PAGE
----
The Post reports Joe will be retained. Talk amongst yourselves.
“An emotional Steinbrenner was ready to can Torre after the Yankees were eliminated in four games by the Tigers in the ALDS Saturday but given some time and gauging the public interest, The Boss decided Torre was the best manager.
“When Steinbrenner departed for home yesterday afternoon, publicly he let Torre twist in the October wind.
“‘I haven’t made up my mind yet,’ Steinbrenner said when asked about Torre’s fate outside his midtown hotel.”
Does Steinbrenner have compromising pictures of Torre, or something? What employee would put up with his employer publicly calling his ability to do his job into question after each failure — arguable caused by the employer himself — then finally saying, “Oh, OK. I guess you’re good enough.”
In a perfect world, Torre would say, “Nice gesture, Boss, but screw you very much.”
I look at this in the same way I look at Al Davis and the Raiders: As long as Torre and his terrible bullpen management and questionable lineup cards are with the Yankees, there’s always the chance he’ll mess up either one. As good as he is at most times, I always expect he’ll make the decision to go with tired old veterns and overused pitchers when it matters most.
All that being said, I think he’s a great manager most of the time, and always figures out a way to get the job done during the season.
I would criticize Torre for that, but Francona is exactly the same way. If only there were a way to combine the brilliance of an in-game tactician with the personality skills of Francona and Torre.
Looks like the only way to deal with Torre’s shortcomings is to Torre-proof the roster. Dumping some of the “veterans” Brad mentioned will go a long way toward accomplishing that. Now is when Cashman begins to earn his pay in earnest….
Who is a brilliant in-game tactician? I’m not being facetious, I’d genuinely like to know. Strikes me that all managers get criticized for their in-game moves.
…kill me for being such a steinbrenner apologist, because he can be a big pia, and his bs gets too much for even the most die-hard fans, but….as the owner and boss, it is his right to blow off some steam and criticize his employees when they don’t perform…if they don’t like it, they don’t have to have such a public profession, and don’t have to take his money…they can coach and play in kansas city where the expectations are low, or in florida where the players outnumber the fans…
To answer your question Sam, IMHO, I think Jim Leyland is a good manager as far as on-field activity goes(though he shouldn’t be given a pass on his insistence to start Neifi Perez for something like 6 out of the first 7 games he was in a Tigers uniform. There is no way in which he is better than either Ramon Santiago or Omar Infante). I think Ken Macha generally makes the right baseball decisions, ditto for Ron Gardenhire, Mike Scoscia, Bobby Cox, and Bruce Bochy. Maybe I’ve missed some, and maybe a couple of those are off, but I think those are the premier “in-game strategists” of baseball today.
Lohud has it that Torre just said he’s staying. You can erase the “probably in the title”
other news– intl herald tribune says matsuzaka will indeed be posted on 11/1.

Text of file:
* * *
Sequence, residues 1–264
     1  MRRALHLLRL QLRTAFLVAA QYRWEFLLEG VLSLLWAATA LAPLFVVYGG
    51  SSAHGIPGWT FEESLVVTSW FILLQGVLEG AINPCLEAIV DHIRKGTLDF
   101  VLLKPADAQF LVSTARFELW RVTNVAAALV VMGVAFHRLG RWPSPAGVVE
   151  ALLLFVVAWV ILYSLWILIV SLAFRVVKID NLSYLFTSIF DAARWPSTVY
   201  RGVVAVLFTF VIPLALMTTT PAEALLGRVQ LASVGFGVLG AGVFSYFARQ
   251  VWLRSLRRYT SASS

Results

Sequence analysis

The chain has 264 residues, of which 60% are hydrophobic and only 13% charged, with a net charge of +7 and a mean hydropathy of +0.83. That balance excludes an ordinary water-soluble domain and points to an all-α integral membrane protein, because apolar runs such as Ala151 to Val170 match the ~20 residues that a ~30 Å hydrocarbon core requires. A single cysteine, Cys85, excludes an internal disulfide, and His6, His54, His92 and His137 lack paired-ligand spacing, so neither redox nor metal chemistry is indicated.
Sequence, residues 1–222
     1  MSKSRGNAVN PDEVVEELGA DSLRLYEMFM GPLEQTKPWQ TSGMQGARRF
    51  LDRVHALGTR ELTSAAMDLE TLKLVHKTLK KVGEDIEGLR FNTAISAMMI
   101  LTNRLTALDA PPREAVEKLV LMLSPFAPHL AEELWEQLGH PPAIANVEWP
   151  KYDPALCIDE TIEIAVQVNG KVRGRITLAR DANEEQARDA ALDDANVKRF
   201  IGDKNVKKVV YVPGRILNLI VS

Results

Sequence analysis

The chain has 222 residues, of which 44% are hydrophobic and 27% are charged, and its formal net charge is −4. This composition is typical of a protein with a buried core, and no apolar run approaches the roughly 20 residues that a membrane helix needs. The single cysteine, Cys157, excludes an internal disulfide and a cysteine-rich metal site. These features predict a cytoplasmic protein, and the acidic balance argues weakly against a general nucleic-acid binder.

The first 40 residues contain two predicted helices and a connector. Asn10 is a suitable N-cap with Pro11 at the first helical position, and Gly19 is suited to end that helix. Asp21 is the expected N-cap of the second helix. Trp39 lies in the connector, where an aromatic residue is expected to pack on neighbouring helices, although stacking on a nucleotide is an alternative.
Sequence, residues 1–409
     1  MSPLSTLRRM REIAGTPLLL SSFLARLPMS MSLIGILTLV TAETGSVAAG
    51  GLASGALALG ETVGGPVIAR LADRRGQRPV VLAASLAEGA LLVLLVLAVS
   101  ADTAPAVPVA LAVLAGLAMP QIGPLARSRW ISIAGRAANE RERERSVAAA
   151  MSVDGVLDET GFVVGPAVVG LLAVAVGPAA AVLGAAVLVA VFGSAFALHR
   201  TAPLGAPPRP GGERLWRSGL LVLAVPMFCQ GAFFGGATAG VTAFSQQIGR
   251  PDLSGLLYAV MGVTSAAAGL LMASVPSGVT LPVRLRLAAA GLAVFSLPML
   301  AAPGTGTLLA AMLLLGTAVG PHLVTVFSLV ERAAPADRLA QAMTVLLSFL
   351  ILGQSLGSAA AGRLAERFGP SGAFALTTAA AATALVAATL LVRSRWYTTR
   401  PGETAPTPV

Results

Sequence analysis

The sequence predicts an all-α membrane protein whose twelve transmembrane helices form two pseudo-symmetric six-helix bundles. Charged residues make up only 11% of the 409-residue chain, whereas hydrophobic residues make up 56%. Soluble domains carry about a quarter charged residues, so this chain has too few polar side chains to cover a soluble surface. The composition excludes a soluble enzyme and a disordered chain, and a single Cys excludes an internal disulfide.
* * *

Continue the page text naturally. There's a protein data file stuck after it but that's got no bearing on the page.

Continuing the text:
…if they don’t like it, they don’t have to have such a public profession, and don’t have to take his money…
DC – Not that I don’t agree with you, because I do – but, it’s also respectful to do so behind closed doors. Personally, I would much rather my boss express his feelings in the confines of a one on one conversation and not in a public forum or in front of everyone else. Scare tactics and embarrassment for Steinbrenner is not the answer, and he should know that by now.
Alternate headline for this item:
THE BOSS BLINKS
Steinbrenner has every right to demand certain things from his employees. But when they “fail” (and “failure” is relative, in this case) it’s one thing to call them in, tell them how badly they fucked up, and do so with dignity. It’s entirely another thing to issue lunatic press releases that serve no purpose other than to embarrass. Steibrenner may be a caring, devoted owner who does right by his fans in the “money spent” category (and that goes a long way, for sure), but as an employer and a character type he’s a joke. And I say this as the owner of a very small and relatively inconsequential company, one with only 10 employees, but with some experience as a boss. The way Steinbrenner treats his players and particularly his manager (NOT from a financial standpoint – that he does inarguably well) is pretty darn shameful, to this Boston fan. And he’s not alone: this personality disorder is epidemic amongst sports team ownership.
Agreed SF. He also jacks up the prices at the stadium every single year since 95. All around he’s a (curse-word). He spends his money…I’m happy he does that I guess.
brad and sf: i agree with you that a good boss should talk to his or her employees behind closed doors, but the point i was making is that ml baseball is a very public arena…nobody ever bought a ticket to watch me work…it’s not the same as the private sector, especially in ny…heck the players can’t even shower and get dressed in peace without reporters slobbering all over them for a decent quote…steinbrenner is a jerk, no argument here…he should wait until he cools down before he makes any comments…but i still have no problem with him making a negative comment about anyone publicly…have the players become such prima donnas that they only want to hear accolades?…to be fair, i’ve heard george heap the praise publicly when the yanks have achieved…
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